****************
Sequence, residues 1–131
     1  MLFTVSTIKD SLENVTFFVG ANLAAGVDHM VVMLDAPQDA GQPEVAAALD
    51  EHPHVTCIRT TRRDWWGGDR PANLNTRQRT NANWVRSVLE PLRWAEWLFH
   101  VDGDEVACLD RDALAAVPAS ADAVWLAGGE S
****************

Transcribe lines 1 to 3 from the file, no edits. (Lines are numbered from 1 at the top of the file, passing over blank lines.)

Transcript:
Sequence, residues 1–131
     1  MLFTVSTIKD SLENVTFFVG ANLAAGVDHM VVMLDAPQDA GQPEVAAALD
    51  EHPHVTCIRT TRRDWWGGDR PANLNTRQRT NANWVRSVLE PLRWAEWLFH